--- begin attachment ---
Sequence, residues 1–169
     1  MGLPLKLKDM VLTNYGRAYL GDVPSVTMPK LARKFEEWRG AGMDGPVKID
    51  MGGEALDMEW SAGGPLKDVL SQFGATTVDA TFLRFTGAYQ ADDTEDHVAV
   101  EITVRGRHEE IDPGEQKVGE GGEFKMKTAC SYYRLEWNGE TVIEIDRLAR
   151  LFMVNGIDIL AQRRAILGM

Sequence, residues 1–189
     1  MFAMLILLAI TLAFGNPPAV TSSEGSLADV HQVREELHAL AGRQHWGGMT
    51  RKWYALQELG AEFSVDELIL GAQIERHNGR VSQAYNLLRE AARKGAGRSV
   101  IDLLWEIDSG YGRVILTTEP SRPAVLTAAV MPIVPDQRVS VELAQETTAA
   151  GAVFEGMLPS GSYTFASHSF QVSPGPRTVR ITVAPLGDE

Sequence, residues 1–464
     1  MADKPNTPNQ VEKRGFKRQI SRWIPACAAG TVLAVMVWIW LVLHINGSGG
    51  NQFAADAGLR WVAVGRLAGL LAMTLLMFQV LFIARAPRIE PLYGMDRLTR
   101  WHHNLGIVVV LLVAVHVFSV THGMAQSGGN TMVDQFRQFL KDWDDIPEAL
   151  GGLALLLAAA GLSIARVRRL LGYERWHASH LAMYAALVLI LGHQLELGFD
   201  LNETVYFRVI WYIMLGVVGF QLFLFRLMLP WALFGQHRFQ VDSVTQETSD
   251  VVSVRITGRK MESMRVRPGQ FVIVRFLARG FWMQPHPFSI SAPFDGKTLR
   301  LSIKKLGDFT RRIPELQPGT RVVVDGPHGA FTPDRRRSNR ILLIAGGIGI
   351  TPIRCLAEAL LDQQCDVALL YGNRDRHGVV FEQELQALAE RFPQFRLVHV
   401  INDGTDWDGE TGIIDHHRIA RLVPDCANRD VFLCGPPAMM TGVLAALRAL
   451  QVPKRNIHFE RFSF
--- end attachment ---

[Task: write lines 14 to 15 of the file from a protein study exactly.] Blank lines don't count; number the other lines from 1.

   101  WHHNLGIVVV LLVAVHVFSV THGMAQSGGN TMVDQFRQFL KDWDDIPEAL
   151  GGLALLLAAA GLSIARVRRL LGYERWHASH LAMYAALVLI LGHQLELGFD